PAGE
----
The body 1146 can be adjusted along the adjustment arm 1148 to position the resection block 1170 against the tibia T. The resection level adjustment knob 1156 can be rotated to place the resection block 1170 at a desired level (i.e., relative to a proximal surface of the tibia). Once the desired location of the resection block 1170 has been achieved, the resection block 1170 can be fixed to the tibia (such as by pins 1174). The remainder of the IM tibial resection guide 1144 along with the reamer 1122 can be removed.

An exemplary sequence for preparing the proximal tibia for receipt of a 5 mm medial augment and a 10 mm lateral augment will now be described. It is appreciated that the medial and lateral cuts can be made to accommodate any of the tibial augments described herein, such as, but not limited to augments 540 and 540′ (FIG. 31), augment 540″ (FIG. 32), augment 710 (FIG. 50) or any other of the augments shown in FIGS. 55A and 55B. The resection level of the IM tibial resection guide 1144 can be set by rotating the resection level adjustment knob 1156 to the desired position. In one example, rotation of the resection level adjustment knob 1156 can adjust the block arm 1150 between a distance of 0 and 8 mm along a longitudinal axis of the block arm 1150, which moves the cutting slots 1172 in the resection block a certain distance from the top of the stylus or finger 1152 in the direction of the longitudinal axis of the block arm 1150. It is appreciated that the resection level adjustment knob 1156 can be configured to adjust the block arm 1150 to other distances. It is further appreciated that other IM tibial resection guides may be used. Once the resection level is set, a clean-up cut can be made through the 0 slot of the slots 1172 on the medial side of the resection block 1170. Similarly, a cut can be made through the 5 slot of the slots 1172 on the lateral side of the resection block 1170. An exemplary tibia is shown in FIG. 113 after cutting, while using the resection block 1170. It is appreciated that the depths of cut described above are merely exemplary. Those skilled in the art will appreciate that a depth of cut will be made that is consistent with the joint line determined as described above that can accommodate a thickness of a given bearing (i.e., such as any of the bearings discussed herein including 14 (FIG. 1), 214 (FIG. 9), 314 (FIG. 15) and 672 (FIG. 42)) and a thickness of a given augment (if necessary). Once the proximal tibia has been prepared using the resection block 1170, the resection block 1170 can be removed from the tibia T. The reamer 1122 can then be re-inserted into the IM canal.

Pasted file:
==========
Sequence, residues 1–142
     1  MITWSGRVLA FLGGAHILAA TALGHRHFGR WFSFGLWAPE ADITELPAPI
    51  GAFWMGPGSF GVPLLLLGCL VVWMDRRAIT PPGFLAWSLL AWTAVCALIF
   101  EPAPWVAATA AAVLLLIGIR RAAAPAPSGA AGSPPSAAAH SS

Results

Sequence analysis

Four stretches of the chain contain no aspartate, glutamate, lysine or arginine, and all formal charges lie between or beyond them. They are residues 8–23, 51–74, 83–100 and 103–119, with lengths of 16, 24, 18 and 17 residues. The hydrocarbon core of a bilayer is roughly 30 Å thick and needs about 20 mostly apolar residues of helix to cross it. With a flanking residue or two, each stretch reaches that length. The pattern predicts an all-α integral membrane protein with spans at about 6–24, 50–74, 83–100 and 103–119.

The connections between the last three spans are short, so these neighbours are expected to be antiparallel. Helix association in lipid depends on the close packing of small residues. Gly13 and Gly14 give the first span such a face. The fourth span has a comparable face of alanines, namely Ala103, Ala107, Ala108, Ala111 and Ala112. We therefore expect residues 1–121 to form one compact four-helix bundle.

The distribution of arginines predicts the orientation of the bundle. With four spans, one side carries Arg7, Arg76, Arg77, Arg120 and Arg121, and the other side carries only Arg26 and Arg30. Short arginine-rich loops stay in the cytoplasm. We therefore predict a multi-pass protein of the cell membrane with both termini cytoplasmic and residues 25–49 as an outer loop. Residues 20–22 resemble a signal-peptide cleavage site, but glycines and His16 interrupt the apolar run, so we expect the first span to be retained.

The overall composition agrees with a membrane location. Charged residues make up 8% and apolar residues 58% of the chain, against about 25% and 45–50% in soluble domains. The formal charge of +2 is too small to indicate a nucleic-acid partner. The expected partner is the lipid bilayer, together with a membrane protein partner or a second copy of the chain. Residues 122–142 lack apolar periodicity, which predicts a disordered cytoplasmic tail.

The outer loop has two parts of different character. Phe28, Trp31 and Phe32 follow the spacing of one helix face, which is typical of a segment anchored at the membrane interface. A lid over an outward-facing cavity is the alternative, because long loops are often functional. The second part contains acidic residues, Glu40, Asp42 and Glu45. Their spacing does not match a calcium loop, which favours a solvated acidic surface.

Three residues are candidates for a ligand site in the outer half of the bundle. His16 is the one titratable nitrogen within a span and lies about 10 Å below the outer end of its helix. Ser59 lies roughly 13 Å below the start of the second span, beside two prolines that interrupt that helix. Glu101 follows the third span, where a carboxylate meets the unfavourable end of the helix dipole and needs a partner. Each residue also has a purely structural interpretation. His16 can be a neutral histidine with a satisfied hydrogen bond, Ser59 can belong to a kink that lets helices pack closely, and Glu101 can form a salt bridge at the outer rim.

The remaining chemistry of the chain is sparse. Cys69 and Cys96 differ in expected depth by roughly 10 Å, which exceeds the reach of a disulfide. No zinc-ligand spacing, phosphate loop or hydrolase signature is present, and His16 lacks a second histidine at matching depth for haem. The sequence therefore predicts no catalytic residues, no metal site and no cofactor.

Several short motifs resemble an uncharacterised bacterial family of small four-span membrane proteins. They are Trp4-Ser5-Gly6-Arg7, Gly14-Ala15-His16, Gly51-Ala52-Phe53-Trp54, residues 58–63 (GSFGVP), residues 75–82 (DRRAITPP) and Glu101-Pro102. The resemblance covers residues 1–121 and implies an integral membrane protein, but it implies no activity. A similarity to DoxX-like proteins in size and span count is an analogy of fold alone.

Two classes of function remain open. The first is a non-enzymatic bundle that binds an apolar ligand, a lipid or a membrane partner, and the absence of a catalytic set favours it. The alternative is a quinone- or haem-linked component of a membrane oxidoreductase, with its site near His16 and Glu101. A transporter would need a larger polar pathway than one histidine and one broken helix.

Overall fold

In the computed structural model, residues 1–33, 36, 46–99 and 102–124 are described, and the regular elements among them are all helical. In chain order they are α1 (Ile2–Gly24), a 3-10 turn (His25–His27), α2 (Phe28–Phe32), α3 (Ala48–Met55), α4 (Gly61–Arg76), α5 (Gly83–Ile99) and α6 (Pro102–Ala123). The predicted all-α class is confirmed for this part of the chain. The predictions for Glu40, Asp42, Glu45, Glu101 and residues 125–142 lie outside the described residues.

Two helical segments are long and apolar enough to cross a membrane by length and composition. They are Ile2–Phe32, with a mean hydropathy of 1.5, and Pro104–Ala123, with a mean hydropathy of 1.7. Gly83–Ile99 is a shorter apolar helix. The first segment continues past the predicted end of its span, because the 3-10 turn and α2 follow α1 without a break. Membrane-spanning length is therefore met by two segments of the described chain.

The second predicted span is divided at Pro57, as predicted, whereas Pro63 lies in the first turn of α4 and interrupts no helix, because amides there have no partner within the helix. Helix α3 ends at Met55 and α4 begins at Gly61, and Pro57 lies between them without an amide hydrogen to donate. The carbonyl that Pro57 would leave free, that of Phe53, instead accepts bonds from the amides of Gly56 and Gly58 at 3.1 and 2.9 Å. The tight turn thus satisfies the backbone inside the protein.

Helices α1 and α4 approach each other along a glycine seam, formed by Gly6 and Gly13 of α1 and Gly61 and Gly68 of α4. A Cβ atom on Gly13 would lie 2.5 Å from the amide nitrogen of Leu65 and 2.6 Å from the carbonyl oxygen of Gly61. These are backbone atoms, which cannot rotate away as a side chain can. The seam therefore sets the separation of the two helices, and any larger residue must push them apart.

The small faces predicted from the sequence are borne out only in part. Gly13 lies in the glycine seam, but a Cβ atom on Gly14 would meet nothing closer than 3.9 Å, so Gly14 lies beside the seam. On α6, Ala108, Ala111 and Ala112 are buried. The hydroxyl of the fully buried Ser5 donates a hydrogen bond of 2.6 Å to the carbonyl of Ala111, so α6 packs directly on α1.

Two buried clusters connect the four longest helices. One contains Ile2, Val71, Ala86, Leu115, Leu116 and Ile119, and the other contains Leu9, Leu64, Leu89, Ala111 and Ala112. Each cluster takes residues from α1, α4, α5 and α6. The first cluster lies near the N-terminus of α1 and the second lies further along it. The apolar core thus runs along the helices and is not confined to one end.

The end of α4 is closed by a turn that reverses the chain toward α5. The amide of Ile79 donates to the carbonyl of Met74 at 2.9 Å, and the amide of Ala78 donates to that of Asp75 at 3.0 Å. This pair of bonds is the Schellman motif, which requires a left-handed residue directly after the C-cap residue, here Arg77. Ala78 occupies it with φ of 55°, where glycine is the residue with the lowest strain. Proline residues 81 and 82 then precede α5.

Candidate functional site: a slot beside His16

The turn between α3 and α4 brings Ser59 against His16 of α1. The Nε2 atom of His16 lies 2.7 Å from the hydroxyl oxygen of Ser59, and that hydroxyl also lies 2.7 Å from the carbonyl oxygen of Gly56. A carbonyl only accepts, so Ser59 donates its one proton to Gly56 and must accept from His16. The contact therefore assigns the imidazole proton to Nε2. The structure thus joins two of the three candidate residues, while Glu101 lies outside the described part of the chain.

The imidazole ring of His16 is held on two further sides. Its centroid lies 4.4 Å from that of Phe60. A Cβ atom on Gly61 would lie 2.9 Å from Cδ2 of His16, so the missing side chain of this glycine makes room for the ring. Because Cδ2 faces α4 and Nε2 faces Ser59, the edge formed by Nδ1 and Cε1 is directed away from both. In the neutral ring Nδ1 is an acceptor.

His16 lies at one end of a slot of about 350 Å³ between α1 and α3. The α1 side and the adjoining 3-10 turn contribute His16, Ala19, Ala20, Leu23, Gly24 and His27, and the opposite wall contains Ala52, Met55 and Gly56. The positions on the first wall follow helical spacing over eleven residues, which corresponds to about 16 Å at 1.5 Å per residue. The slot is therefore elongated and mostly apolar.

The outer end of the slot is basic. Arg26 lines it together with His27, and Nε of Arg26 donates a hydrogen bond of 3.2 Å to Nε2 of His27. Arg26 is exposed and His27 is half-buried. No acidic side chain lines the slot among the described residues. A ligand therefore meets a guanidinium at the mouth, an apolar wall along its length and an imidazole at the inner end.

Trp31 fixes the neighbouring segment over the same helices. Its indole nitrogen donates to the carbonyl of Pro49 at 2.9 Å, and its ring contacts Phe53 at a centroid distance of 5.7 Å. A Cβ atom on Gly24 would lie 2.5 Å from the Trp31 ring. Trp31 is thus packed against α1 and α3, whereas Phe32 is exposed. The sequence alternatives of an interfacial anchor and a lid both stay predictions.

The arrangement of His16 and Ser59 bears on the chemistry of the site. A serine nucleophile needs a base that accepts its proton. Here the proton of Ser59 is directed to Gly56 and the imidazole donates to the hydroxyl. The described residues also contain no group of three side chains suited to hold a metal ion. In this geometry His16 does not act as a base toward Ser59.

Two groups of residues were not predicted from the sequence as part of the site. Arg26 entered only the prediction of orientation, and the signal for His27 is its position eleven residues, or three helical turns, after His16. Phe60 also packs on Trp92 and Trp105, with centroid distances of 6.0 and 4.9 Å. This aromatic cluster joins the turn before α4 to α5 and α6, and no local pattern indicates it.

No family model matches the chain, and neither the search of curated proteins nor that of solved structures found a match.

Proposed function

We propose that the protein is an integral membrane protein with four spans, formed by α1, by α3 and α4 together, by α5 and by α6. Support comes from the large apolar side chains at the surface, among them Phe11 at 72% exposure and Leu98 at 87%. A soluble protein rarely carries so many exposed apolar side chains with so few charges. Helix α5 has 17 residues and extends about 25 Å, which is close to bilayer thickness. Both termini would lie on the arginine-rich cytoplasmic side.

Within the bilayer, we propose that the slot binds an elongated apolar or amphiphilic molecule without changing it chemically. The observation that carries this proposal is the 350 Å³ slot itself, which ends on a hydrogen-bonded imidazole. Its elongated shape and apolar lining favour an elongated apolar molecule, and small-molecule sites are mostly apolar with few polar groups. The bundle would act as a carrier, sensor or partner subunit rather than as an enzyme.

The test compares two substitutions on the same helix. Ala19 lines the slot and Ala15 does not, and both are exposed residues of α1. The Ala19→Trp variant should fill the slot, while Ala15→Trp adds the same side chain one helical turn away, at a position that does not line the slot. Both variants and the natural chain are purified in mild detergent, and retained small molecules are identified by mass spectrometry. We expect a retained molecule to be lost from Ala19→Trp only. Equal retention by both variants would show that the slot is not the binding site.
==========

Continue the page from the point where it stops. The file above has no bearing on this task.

With reference now to FIGS. 108 and 114, the offset position of the reamer 1122 will be determined using a tibial offset positioning assembly 1190. The tibial offset positioning assembly 1190 can generally comprise a tibial template 1192, a tibial alignment member 1194, and a series of positioning sleeves collectively referred to by reference 1196. The tibial template 1192 can generally include a handle portion 1200 and a tibial profile portion 1202 (also see FIG. 108). The tibial alignment member 1194 can generally comprise a body 1204 that defines a bore 1206 (for rotatably receiving the positioning sleeve 1196) and a pair of radial slot passages 1210. The body 1204 can define an alignment marker 1212 formed thereon. The positioning sleeves 1196 (FIG. 108) can include a neutral positioning sleeve 1198a (0 offset), an offset sleeve 1198b (2.5 mm offset), an offset sleeve 1198c (5 mm offset) and an offset sleeve 1198d (7.5 mm offset). The positioning sleeves 1196 can each define a throughbore 1220a, 1220b, 1220c, and 1220d, respectively that is offset a distance from a longitudinal axis 1222 of the positioning sleeves 1196. The positioning sleeves 1196 include indicia, collectively referenced by numeral 1124. In the example shown in FIG. 114, the offset sleeve 1198c is received in the bore 1206 of the tibial alignment member 1194. The tibial alignment member 1194 can be fixed to the tibial template 1192 by a locking mechanism 1223.